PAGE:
Domestic herbivores' effect on vegetation is spatially heterogeneous, being one of the major causes of forage resources degradation. It has been proposed that paddock size controls grazing impact's heterogeneity because as size decreases, herbivores' utilization is spatially more even. However, this has not been critically evaluated in commercial-scale paddocks isolating paddock size effects from other factors influencing the interaction between herbivores and vegetation. Here we assessed how paddock size mediates the heterogeneity of continuous sheep grazing effects on vegetation, at constant stocking rate in Patagonian steppes. We selected three small (ca. 110 ha) and three large (ca. 1 100 ha) paddocks dominated by the same plant community. All paddocks contained a single watering point and presented similar shape. Total and specific plant cover, vegetation patchiness, population size distribution of dominant grass species, plant morphology, and sheep feces density were estimated at increasing distances from watering points. Relationships between vegetation variables and distance from the watering point were in most cases asymptotic exponential, although responses generally differed between small and large paddocks. In small paddocks, vegetation variables mostly reached a plateau at a short distance from the watering point (∼200 m). Instead, in large paddocks, the changes in vegetation variables were larger and more gradual, and reached a plateau at much greater distances (∼2 000 m). Vegetation heterogeneity throughout the paddock was lower in small than large paddocks. Our findings suggest that paddock size mediates the spatial pattern of grazing effects on vegetation. Reducing paddock size decreases grazing impacts spatial heterogeneity, which makes plant-animal interactions more predictable and might improve forage utilization efficiency.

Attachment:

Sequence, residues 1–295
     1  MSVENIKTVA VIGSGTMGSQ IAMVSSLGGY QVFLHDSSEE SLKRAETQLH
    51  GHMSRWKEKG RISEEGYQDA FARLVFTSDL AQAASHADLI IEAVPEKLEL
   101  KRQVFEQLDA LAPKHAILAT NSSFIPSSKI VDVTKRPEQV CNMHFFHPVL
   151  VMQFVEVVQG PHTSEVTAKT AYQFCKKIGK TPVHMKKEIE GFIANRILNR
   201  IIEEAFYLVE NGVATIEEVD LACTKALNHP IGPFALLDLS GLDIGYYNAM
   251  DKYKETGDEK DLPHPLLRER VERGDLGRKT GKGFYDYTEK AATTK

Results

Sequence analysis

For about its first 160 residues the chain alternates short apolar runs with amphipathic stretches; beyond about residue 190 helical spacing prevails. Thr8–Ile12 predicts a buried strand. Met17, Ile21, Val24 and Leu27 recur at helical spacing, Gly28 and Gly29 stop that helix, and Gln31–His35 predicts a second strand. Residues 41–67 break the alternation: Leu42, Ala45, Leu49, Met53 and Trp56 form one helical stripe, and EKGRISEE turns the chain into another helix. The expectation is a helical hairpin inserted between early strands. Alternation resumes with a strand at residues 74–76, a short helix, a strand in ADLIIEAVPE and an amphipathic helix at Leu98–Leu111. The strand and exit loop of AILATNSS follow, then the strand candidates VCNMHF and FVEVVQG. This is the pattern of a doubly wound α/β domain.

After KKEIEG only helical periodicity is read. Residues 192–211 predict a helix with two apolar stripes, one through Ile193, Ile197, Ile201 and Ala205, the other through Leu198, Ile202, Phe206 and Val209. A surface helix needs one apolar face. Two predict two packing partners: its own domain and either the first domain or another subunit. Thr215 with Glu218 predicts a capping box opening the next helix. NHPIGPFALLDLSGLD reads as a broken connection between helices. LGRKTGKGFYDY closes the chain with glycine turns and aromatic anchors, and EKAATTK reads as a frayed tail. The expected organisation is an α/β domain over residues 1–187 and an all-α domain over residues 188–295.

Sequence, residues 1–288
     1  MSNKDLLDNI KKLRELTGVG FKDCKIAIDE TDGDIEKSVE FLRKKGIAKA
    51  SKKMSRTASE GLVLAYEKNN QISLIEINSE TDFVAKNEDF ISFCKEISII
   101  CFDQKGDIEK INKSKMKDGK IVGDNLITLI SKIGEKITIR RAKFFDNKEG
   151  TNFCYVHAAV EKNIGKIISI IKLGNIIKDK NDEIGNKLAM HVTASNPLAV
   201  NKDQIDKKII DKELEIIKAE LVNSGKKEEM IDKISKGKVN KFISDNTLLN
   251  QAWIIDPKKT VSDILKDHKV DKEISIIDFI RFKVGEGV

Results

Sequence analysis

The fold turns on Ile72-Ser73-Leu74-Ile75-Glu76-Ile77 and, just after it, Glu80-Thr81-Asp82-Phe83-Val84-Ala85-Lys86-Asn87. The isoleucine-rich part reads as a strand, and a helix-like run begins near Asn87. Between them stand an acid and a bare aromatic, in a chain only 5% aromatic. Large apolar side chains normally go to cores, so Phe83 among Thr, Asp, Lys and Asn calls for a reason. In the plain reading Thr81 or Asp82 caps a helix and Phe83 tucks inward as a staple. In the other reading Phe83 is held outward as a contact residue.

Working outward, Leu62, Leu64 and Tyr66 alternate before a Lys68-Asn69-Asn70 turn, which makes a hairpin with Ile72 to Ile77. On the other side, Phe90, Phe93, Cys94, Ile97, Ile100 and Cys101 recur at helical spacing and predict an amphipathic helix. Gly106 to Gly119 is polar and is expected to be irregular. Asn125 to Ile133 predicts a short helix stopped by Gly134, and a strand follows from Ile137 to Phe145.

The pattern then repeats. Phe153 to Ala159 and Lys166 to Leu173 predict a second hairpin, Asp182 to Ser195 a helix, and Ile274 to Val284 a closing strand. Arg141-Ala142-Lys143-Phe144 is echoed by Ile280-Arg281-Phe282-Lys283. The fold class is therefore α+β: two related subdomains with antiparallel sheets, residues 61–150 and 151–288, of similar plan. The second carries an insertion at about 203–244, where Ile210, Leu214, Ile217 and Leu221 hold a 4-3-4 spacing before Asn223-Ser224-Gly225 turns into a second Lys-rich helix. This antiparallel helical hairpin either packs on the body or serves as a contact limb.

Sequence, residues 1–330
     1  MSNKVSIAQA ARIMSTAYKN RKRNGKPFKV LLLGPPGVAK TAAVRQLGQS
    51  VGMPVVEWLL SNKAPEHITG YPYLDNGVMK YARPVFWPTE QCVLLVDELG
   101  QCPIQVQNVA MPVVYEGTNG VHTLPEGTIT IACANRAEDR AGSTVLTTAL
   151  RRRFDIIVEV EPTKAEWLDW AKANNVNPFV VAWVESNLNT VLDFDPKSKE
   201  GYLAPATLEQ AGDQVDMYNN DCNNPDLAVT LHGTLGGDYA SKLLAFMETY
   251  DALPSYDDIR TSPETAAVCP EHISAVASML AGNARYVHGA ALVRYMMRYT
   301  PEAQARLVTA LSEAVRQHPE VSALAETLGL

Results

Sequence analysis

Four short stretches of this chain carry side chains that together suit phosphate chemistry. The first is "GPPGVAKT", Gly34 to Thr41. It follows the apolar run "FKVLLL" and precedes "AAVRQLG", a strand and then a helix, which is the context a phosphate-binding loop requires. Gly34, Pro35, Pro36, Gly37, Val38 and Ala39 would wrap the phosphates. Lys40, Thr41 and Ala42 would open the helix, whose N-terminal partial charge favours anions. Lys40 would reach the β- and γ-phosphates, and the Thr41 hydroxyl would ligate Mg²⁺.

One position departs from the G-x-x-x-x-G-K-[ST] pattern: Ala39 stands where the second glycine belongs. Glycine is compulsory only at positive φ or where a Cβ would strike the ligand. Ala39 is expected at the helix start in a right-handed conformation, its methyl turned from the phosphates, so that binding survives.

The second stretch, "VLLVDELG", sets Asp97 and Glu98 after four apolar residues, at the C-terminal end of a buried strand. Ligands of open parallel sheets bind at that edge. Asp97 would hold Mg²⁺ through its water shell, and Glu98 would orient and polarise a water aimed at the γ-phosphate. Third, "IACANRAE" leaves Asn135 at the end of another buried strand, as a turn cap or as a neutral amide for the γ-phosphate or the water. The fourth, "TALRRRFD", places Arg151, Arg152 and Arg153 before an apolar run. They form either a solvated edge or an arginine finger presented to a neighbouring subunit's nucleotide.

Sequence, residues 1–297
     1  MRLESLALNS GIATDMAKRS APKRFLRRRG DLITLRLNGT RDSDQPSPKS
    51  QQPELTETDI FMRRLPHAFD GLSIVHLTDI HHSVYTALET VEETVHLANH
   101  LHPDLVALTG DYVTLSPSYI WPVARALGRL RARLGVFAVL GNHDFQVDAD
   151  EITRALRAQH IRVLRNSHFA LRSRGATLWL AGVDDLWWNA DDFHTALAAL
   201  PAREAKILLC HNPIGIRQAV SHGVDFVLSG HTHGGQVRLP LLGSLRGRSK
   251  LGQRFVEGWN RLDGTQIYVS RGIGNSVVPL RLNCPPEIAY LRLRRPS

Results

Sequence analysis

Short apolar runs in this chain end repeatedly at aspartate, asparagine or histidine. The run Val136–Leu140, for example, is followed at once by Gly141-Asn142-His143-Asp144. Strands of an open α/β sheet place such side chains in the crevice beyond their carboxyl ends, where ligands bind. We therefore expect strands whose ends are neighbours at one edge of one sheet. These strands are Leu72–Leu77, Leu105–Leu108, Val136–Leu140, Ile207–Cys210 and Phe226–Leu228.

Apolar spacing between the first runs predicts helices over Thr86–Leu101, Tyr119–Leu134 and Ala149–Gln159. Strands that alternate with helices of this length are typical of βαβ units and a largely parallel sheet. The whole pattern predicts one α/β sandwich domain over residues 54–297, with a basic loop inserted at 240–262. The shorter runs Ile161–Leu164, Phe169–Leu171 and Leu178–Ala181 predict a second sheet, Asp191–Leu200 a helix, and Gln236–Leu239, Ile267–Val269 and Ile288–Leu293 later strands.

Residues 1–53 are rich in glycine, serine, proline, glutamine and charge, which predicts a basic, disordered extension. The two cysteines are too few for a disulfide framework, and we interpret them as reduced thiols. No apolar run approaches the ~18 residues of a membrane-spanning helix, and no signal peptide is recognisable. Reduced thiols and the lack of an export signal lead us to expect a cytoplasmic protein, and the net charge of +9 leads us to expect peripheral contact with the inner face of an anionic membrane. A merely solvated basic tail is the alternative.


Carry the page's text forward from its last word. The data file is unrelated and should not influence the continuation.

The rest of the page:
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Vol. 71 • No. 4